Narrator: This is Science Today. It's been nearly 60 years since fluoride was introduced to combat tooth decay. Since then, there has not been another anti-dental caries drug on the market. But why?
Shi: It's a complicated question and I guess in part is we get used to using a mechanical approach to dentistry; part of the reason, it's scientific limitations and the other reason is probably a money issue, as well. So, it's a combination of different factors and leads to today's situation.
Narrator: Dr. Wenyuan Shi, chair of Oral Biology at UCLA, has been working on an anti-microbial technology that specifically targets the bacteria that causes decay. Their technology, which would be used in the form of a mouthwash, is now in official FDA trials and if approved would be the first drug licensed for tooth decay in six decades.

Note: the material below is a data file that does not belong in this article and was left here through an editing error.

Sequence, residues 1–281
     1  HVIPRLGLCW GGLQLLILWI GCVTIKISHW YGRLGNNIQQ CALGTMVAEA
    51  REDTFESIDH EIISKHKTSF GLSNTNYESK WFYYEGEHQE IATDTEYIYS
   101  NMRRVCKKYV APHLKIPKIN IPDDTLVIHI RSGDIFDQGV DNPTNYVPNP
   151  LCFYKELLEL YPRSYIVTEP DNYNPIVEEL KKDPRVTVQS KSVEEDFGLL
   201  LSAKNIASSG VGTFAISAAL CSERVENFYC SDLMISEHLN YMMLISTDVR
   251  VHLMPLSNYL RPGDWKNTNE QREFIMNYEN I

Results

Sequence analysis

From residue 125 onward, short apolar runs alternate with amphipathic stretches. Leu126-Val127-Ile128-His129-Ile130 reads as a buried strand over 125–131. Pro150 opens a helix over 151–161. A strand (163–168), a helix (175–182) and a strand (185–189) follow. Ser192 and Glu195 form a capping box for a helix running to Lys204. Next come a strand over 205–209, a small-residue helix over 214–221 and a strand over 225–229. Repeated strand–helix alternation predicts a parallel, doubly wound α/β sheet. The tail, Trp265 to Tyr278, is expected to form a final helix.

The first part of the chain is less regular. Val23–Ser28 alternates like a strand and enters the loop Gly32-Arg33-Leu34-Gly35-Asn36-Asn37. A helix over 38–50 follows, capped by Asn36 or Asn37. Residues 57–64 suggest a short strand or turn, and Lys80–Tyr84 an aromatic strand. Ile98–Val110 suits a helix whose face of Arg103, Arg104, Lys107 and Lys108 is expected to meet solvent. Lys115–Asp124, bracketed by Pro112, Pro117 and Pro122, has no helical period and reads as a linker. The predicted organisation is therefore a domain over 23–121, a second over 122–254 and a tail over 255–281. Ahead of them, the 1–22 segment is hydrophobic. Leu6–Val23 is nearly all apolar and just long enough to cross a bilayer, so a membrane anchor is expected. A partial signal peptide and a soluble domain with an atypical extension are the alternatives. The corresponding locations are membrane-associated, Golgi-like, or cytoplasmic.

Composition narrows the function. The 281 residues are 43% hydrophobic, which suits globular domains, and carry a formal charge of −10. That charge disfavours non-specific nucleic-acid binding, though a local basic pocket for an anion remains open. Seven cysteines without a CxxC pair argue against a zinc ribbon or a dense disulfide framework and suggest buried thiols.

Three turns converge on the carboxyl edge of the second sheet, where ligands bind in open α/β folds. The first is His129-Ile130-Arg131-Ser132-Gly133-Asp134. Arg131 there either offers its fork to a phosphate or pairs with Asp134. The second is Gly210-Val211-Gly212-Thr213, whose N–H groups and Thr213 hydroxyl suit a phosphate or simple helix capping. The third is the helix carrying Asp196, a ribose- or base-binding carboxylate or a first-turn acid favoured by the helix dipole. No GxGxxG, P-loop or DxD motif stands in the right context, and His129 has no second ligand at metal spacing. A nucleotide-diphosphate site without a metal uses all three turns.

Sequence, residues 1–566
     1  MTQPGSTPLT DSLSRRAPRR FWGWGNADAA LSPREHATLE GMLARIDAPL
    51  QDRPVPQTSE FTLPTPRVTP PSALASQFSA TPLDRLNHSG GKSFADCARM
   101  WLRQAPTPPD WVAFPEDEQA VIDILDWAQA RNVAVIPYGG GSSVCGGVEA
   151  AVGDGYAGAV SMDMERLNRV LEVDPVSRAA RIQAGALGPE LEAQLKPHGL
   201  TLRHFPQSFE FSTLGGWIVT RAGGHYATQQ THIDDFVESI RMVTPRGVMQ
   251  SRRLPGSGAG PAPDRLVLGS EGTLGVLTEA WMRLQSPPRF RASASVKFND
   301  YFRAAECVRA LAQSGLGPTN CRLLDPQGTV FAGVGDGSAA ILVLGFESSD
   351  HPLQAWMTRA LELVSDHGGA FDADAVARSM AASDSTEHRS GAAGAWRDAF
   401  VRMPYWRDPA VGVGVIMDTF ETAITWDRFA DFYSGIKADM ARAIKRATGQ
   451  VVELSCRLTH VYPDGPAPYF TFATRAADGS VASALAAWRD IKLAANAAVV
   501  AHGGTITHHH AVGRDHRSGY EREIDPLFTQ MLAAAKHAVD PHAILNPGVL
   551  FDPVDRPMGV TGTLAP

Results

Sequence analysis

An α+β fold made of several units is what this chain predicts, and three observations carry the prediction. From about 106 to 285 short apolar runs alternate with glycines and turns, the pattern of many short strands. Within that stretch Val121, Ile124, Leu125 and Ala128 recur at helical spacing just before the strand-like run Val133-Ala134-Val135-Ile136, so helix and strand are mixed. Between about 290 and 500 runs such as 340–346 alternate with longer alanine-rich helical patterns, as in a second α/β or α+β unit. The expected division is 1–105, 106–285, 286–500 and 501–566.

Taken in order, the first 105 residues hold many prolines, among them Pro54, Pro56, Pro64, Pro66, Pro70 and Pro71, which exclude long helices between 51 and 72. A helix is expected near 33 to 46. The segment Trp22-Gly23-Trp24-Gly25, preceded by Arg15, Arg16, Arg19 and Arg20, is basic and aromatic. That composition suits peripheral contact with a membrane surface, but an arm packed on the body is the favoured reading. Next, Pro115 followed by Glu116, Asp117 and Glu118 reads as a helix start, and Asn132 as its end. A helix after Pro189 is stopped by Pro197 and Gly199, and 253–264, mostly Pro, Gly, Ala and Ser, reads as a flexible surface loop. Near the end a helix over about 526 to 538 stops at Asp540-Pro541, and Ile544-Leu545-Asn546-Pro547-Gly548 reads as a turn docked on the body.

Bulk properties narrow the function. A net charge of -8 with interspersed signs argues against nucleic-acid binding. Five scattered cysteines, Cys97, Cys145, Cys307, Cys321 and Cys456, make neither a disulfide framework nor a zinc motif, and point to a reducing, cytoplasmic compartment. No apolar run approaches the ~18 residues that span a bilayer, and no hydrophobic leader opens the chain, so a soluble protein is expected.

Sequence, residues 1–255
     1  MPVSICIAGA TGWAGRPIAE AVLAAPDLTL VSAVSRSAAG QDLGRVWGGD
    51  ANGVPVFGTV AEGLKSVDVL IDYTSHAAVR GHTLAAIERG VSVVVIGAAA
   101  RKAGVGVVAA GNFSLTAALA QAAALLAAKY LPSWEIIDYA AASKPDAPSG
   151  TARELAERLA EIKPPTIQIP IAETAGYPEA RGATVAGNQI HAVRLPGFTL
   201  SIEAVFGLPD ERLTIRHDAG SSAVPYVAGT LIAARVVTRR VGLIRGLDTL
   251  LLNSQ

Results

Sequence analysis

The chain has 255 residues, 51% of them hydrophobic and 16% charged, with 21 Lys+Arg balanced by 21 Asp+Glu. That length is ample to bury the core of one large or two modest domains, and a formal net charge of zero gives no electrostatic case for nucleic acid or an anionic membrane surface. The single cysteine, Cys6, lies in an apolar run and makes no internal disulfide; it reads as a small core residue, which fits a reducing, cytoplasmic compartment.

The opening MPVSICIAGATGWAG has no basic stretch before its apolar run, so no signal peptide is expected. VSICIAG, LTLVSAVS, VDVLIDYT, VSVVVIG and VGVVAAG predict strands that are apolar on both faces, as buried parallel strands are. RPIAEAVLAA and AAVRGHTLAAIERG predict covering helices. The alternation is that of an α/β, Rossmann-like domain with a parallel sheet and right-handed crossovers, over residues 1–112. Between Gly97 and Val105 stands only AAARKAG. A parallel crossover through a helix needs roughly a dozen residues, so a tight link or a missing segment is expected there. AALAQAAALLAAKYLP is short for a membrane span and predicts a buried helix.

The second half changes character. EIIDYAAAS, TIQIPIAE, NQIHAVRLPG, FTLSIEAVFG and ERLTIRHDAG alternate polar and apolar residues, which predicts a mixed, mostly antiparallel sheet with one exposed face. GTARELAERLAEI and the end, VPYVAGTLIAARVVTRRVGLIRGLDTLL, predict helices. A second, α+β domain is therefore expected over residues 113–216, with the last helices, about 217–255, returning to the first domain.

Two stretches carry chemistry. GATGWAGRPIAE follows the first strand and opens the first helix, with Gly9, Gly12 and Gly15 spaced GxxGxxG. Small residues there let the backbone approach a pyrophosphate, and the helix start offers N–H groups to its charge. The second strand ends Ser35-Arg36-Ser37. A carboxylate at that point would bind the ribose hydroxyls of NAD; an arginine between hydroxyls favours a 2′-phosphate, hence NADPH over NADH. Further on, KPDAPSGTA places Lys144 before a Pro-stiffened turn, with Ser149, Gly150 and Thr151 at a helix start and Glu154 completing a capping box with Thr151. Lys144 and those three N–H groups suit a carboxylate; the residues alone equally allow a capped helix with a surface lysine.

Shi: This is a very rewarding experience. Being a researcher, when you're working on the project on the bench, you're always wondering [about] the practical value of what you're doing. We really feel we're making an impact.
Narrator: For Science Today, I'm Larissa Branin.